Imagining something in your head and having your friends and social media followers hype you up doesn’t necessarily mean you can execute it. Do not make the mistake of assuming you’ll succeed just because you’re creative. An idea on its own does not make or guarantee a viable business.
6. Going broke trying to look rich
Rented cars and a millionaire attitude don’t necessarily mean you’re actually a millionaire. And if you are using your (limited) money to only bolster a false brand image, you may make the mistake of going broke trying to look rich.
This is a mistake that actually happens all of the time, largely because the social media generation is more concerned with looking wealthy rather than actually building wealth. Successful entrepreneurs need to take the steps necessary to succeed and understand nothing comes easy.
7. Moving too slowly
I have seen more than a few entrepreneurs miss out on opportunities, seasons because they have very poor time management and can’t meet deadlines or make swift business decisions. Being slow to recognize and act on opportunities will kill your business fast.
8. Trying to do too much
I’ll often notice entrepreneurs trying to do way too much and introduce too many product lines. While you need more than a couple of items for customers to choose from, you need to find something people want and focus on perfecting it and being known for a particular product. You’ll save a lot of time and resources narrowing in on a few items until you can afford to expand your business.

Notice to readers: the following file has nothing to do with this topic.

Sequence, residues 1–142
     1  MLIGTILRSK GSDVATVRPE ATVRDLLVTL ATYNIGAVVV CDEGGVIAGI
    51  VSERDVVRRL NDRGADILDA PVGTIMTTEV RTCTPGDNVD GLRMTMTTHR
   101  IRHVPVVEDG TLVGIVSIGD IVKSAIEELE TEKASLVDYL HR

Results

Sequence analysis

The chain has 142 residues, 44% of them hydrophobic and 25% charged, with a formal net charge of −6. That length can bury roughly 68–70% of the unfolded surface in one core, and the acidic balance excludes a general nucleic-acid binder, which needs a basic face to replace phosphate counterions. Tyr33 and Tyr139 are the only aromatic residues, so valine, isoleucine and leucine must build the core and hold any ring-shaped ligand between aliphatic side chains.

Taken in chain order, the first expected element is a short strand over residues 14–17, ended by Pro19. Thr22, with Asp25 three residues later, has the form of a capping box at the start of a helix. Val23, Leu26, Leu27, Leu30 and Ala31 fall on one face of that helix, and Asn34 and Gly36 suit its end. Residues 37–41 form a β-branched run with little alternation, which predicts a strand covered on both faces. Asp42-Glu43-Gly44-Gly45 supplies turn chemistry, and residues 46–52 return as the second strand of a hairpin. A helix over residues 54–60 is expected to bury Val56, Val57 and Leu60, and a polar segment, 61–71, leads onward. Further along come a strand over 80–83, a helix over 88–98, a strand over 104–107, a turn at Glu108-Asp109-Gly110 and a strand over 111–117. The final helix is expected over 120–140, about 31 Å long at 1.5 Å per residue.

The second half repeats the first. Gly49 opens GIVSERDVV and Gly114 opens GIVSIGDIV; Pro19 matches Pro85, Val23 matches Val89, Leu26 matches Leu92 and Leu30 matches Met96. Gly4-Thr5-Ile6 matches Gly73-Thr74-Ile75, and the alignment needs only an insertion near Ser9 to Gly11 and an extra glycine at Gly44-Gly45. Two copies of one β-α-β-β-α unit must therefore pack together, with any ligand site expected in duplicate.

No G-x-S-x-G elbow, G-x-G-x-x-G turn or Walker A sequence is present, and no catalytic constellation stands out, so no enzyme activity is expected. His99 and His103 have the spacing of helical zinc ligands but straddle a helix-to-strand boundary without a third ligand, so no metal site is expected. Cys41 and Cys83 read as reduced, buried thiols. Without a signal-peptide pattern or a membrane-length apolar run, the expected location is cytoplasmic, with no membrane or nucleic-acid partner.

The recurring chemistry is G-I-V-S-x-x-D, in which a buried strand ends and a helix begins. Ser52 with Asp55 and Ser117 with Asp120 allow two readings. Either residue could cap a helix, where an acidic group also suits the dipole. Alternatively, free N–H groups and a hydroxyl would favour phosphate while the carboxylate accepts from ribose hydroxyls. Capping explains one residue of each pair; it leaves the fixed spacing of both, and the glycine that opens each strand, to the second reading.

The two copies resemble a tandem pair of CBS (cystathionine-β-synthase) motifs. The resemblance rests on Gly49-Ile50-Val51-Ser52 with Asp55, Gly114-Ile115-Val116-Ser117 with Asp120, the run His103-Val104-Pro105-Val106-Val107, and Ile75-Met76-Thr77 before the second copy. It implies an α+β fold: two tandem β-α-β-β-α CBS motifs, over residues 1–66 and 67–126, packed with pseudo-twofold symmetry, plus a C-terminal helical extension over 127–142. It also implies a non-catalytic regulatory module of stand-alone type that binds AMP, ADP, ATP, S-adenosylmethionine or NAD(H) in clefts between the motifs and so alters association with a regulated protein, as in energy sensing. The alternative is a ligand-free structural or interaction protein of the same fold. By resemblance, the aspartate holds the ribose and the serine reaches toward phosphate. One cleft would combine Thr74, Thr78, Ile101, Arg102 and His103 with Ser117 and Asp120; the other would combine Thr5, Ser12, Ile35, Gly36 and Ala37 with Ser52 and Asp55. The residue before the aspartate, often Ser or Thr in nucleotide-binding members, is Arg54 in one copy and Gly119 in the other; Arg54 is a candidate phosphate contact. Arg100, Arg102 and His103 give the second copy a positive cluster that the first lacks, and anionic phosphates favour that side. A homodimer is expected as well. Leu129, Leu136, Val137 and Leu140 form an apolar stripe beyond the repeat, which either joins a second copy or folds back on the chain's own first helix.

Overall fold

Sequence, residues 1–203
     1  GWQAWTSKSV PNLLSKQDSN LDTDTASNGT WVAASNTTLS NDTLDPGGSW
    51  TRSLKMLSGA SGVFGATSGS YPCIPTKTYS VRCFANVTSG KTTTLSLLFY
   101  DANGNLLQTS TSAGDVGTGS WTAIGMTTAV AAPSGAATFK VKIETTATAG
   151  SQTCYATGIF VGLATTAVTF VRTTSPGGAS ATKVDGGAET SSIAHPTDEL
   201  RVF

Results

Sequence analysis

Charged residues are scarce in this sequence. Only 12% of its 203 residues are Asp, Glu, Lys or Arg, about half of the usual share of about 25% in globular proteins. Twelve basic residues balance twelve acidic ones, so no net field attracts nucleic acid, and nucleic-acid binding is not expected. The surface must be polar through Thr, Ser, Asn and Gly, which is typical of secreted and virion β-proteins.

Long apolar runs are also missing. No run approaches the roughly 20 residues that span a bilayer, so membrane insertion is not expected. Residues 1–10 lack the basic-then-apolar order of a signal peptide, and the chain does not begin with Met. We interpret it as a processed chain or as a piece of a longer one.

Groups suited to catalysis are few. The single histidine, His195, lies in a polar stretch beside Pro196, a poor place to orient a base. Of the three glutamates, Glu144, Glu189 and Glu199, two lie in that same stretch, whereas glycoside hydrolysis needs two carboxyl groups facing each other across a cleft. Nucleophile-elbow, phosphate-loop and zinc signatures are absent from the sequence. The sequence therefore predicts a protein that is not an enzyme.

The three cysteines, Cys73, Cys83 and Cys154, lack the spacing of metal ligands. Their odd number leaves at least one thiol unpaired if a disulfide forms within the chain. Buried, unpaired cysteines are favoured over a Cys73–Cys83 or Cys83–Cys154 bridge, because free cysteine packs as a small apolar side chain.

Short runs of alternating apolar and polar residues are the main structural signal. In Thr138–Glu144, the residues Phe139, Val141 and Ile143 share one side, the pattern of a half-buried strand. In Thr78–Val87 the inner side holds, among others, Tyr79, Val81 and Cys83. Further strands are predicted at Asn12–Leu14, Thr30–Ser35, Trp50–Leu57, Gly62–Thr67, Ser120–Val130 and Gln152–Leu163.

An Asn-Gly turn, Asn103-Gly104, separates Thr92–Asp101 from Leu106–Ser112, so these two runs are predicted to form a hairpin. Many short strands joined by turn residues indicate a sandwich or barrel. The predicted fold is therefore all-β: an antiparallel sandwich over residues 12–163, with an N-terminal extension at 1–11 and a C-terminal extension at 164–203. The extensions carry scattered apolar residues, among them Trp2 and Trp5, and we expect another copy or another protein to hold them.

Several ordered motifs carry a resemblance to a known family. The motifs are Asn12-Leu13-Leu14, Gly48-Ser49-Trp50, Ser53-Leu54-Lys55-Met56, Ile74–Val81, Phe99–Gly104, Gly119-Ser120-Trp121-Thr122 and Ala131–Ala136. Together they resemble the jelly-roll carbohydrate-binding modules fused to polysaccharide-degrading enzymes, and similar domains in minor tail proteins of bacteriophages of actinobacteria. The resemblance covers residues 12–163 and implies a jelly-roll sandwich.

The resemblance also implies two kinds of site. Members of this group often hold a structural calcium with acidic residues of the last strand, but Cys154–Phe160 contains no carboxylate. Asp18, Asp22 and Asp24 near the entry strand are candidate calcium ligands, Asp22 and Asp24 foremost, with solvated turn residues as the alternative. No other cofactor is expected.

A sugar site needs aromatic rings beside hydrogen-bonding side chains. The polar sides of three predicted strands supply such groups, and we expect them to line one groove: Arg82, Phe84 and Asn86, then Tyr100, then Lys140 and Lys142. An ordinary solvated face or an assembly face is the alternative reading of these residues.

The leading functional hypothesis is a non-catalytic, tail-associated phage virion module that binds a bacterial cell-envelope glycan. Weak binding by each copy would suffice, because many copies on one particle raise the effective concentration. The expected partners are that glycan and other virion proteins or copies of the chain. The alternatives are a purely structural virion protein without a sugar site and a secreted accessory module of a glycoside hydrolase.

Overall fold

9. Going in alone or choosing friends as partners
There are not enough hours in the day to build a brand by yourself. Surrounding yourself with people who have the same goals as you is crucial to the success of a fashion startup. You are trying to compete with established and fully staffed brands that have more experience and cash than you.
I have seen more friendships and partnerships end than I can count and it is usually because one person takes things more seriously than the others. Don’t get into business with someone just because they are your friend. Make sure you and any co-founders are all in it for shared and agreed upon reasons and that roles and responsibilities are understood.
10. Underestimating the value of design
I often see entrepreneurs that have ideas but absolutely no understanding of design. I guarantee you – entrepreneurs with absolutely no knowledge or care to understand materials, manufacturing processes and technical design will fail.
Design is an investment. It’s the face of your product. If the design isn’t there, it’s not going to work out for you. Hire a professional designer to bring your vision to life if you can’t do it yourself. This doesn’t mean you are giving up control of your dream. It means you are bringing in the skills to give your dream a chance to be viable.
This article has been edited and condensed.
Liam Massaubi is a serial entrepreneur, investor and Aboriginal business consultant. He is also a public speaker and design engineer. He is a proud Mohawk and a very busy father. Connect with @OldmanLM on Twitter.